The Force review: tightly plotted tale of crooked police

Don Winslow’s corrupt cop set-pieces are well-staged but it all feels rather familiar

Don Winslow: You never doubt that The Force is telling you it like it is, yet there is little we have not seen before.

Don Winslow: You never doubt that The Force is telling you it like it is, yet there is little we have not seen before.

Sat, Aug 19, 2017, 06:00

   
 

Book Title:
The Force

ISBN-13:
978-0008227487

Author:
Don Winslow

Publisher:
HarperCollins

Guideline Price:
£18.99

Detective First Grade Dennis Malone runs the Manhattan North Special Task Force: “Our main mission is dope and guns, but the Task Force teams do what-the-fuck-ever we want, because it’s all related. Most of the robberies are junkies and crackheads. The rapes and assaults are mostly gangbangers who are also slinging.”

When Levin, the newbie, has a near miss, Malone calls bowling night: French cuffs, martinis, steaks at Gallaghers on Fifty-Second. “It’s important that when the unit is out as the Unit, it dresses tight and eats steak.” The bill comes to over five bills for four, or would if they were charged. They leave 200 in cash on the table, because you never stiff a server or take change for a 20.

Bowling night they always get a town car and a driver. Then Madeline’s on Ninety-Eighth and Riverside, where the women are gorgeous, as they should be, at $2,000 a date. Then comped bottles of Cristal at the Cove Lounge and super-strong weed with Tre, the club owner, before they put Levin to bed and end the night rolling down Lenox Avenue: Malone, Russo and Monty, Irish, Italian and African-American, the stereo blasting and the windows open, all singing along to NWA:

F**k tha police

F**k tha police

F**k tha police

F**k tha police!

It’s a long way from the 87th Precinct.

Labyrinthine relationships

While not remotely in the same league as The Cartel, Winslow’s masterpiece, The Force is a super-charged, kinetic, propulsive read. The elaborate set-pieces are superbly staged and the labyrinthine relationships and dependencies between cops, attorneys, Feds and City Hall are fluently depicted (“real estate prices rise as crime falls”), as are the varieties and degrees of corruption. The plot, once it kicks in, is well-made and continually surprising. I loved the telling details too: when the team skims a drug-dealer’s cash, they each take a self-addressed envelope, seal up their share and pop it in a mailbox before they check the depleted haul in at the stationhouse. You never doubt that The Force is telling you it like it is. And yet . . .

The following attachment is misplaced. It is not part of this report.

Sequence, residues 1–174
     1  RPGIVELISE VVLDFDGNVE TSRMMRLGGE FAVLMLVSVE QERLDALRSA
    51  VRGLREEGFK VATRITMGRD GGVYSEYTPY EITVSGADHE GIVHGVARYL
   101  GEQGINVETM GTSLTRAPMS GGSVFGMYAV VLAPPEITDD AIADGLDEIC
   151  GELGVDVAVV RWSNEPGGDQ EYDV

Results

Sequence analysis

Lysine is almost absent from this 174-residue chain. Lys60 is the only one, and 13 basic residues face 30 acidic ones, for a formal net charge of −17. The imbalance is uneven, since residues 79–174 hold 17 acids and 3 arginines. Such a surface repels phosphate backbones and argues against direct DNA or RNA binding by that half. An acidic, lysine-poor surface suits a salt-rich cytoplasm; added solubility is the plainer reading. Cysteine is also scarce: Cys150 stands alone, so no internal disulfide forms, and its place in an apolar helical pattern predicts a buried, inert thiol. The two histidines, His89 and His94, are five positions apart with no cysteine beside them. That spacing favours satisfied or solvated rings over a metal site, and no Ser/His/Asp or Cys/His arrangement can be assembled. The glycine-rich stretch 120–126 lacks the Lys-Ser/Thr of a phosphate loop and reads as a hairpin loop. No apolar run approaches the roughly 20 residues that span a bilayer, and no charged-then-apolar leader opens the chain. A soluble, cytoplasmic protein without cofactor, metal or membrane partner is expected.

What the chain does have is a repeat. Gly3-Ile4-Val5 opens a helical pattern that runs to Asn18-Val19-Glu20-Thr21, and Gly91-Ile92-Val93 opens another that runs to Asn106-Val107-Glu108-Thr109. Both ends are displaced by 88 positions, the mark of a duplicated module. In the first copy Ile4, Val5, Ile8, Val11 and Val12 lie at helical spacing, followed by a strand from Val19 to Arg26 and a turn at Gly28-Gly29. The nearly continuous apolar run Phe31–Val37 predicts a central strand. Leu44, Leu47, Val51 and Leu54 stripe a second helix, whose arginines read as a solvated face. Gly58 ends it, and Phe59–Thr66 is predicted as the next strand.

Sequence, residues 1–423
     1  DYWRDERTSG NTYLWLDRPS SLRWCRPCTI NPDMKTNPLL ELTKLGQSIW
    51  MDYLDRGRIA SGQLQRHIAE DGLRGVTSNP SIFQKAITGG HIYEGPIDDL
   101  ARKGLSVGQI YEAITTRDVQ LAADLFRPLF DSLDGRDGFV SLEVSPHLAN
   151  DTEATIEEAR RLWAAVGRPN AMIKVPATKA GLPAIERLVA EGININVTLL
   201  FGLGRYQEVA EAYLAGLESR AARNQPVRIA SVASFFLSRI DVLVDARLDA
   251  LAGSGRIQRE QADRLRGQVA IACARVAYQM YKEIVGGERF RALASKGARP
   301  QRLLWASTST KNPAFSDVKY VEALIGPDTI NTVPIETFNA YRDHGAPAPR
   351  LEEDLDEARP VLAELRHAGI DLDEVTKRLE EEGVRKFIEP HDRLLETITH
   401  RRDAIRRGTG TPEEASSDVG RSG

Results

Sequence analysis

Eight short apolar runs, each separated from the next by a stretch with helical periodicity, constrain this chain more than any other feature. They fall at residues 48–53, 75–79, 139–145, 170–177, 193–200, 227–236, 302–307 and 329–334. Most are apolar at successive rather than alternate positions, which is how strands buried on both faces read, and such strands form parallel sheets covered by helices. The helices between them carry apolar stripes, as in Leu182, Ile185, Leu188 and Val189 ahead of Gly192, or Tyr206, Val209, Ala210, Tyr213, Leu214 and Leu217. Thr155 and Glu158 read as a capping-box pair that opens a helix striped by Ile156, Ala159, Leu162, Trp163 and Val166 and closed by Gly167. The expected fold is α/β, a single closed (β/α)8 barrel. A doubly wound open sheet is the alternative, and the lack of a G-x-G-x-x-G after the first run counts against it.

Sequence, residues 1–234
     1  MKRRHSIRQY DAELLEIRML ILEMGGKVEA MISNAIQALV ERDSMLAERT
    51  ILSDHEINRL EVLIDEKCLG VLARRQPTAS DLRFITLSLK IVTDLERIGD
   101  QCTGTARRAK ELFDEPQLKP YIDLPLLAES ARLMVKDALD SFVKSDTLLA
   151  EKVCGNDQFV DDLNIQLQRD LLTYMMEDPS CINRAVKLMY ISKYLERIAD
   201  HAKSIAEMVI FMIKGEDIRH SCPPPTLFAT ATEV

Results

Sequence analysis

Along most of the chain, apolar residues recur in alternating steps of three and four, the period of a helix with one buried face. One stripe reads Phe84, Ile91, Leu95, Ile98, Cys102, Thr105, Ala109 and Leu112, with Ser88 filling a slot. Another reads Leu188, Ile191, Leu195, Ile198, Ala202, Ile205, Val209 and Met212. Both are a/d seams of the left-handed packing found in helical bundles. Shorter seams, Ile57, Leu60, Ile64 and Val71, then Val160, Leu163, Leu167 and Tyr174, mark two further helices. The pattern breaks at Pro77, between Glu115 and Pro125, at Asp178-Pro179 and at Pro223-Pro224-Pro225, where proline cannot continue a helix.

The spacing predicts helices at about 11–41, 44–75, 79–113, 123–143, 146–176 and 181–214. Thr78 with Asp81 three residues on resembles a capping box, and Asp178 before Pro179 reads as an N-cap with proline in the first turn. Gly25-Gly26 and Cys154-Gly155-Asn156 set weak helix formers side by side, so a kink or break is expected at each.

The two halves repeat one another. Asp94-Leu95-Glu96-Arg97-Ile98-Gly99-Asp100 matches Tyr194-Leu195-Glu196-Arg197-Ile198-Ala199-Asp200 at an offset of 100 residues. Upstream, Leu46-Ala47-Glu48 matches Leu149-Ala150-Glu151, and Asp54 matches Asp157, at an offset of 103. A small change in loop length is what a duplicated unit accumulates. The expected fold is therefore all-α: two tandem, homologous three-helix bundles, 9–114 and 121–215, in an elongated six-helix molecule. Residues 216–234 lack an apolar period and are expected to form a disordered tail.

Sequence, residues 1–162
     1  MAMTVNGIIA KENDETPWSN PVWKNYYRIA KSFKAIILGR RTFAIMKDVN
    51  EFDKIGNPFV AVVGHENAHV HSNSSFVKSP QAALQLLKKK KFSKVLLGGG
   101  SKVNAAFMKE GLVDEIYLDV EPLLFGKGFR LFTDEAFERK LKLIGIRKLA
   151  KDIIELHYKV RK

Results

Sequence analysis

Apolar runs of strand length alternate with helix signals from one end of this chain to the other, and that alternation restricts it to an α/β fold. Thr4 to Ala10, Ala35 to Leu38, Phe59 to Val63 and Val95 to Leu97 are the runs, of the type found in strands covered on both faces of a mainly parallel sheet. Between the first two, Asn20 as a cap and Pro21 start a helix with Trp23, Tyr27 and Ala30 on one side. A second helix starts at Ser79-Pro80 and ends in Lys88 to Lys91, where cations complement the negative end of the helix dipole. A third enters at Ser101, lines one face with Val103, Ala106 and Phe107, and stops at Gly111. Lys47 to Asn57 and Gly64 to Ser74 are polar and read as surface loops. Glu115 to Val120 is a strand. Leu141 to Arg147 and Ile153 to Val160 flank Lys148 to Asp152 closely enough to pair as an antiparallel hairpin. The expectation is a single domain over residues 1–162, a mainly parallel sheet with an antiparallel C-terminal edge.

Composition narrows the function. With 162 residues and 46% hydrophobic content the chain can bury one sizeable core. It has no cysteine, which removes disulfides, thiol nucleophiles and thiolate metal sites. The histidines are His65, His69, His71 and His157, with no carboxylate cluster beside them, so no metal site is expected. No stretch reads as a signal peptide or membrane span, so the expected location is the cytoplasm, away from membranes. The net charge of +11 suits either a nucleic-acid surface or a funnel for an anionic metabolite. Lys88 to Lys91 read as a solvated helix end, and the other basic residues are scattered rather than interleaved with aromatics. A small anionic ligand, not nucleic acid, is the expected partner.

There’s a moment early on when Malone observes that mobster Lou Savino prays at the altar of false gods: “Lou ain’t trying to be Lefty Ruggiero, he’s trying to be Al Pacino being Lefty Ruggiero.” I couldn’t shake the sense that Denny Malone was trying to be Vic Mackey from Shawn Ryan’s incendiary TV series The Shield: the good cop doing what’s necessary in a corrupt world until what’s necessary runs to executing drug dealers and stealing millions in cash and drugs, until the corruption has stolen his soul. The Shield felt fresh and innovative.

Most hackneyed of all . . . is the unreconstructed combination of Irish-American sentimentality, paternalism, self-loathing, machismo and second-tier Springsteen lyrics that is Denny Malone

It even had some complex female characters. Ripped from the headlines though it feels, there is little in The Force we have not seen before: the wives out on Staten Island, “their heads together in girl talk”, the kids’ ball games and the family barbecues and christening parties (it’s a nice irony that the cops’ domestic lives are straight out of Good Fellas). Most hackneyed of all, because the story unfolds entirely through his eyes, is the unreconstructed combination of Irish-American sentimentality, paternalism, self-loathing, machismo and second-tier Springsteen lyrics that is Denny Malone.

It’s not that The Force isn’t thrilling; it’s just that it’s not especially interesting. And even if Irish cops really do get drunk on Christmas Eve to Fairytale of New York, it feels like an embarrassment to record them in the act. David Mamet is set to write the screenplay. I hope he remembers his own cautionary advice: “I wouldn’t believe this shit if it was true.”

Declan Hughes is a novelist and playwright